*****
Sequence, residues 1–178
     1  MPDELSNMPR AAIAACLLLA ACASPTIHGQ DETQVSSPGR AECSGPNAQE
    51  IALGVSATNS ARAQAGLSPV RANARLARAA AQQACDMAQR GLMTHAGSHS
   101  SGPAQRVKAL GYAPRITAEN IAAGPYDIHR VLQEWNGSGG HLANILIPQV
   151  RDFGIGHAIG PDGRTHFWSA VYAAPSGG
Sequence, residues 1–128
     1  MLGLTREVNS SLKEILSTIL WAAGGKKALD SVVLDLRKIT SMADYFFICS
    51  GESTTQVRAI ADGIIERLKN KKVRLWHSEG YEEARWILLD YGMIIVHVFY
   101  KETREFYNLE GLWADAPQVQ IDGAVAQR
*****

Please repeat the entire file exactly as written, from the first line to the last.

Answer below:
Sequence, residues 1–178
     1  MPDELSNMPR AAIAACLLLA ACASPTIHGQ DETQVSSPGR AECSGPNAQE
    51  IALGVSATNS ARAQAGLSPV RANARLARAA AQQACDMAQR GLMTHAGSHS
   101  SGPAQRVKAL GYAPRITAEN IAAGPYDIHR VLQEWNGSGG HLANILIPQV
   151  RDFGIGHAIG PDGRTHFWSA VYAAPSGG
Sequence, residues 1–128
     1  MLGLTREVNS SLKEILSTIL WAAGGKKALD SVVLDLRKIT SMADYFFICS
    51  GESTTQVRAI ADGIIERLKN KKVRLWHSEG YEEARWILLD YGMIIVHVFY
   101  KETREFYNLE GLWADAPQVQ IDGAVAQR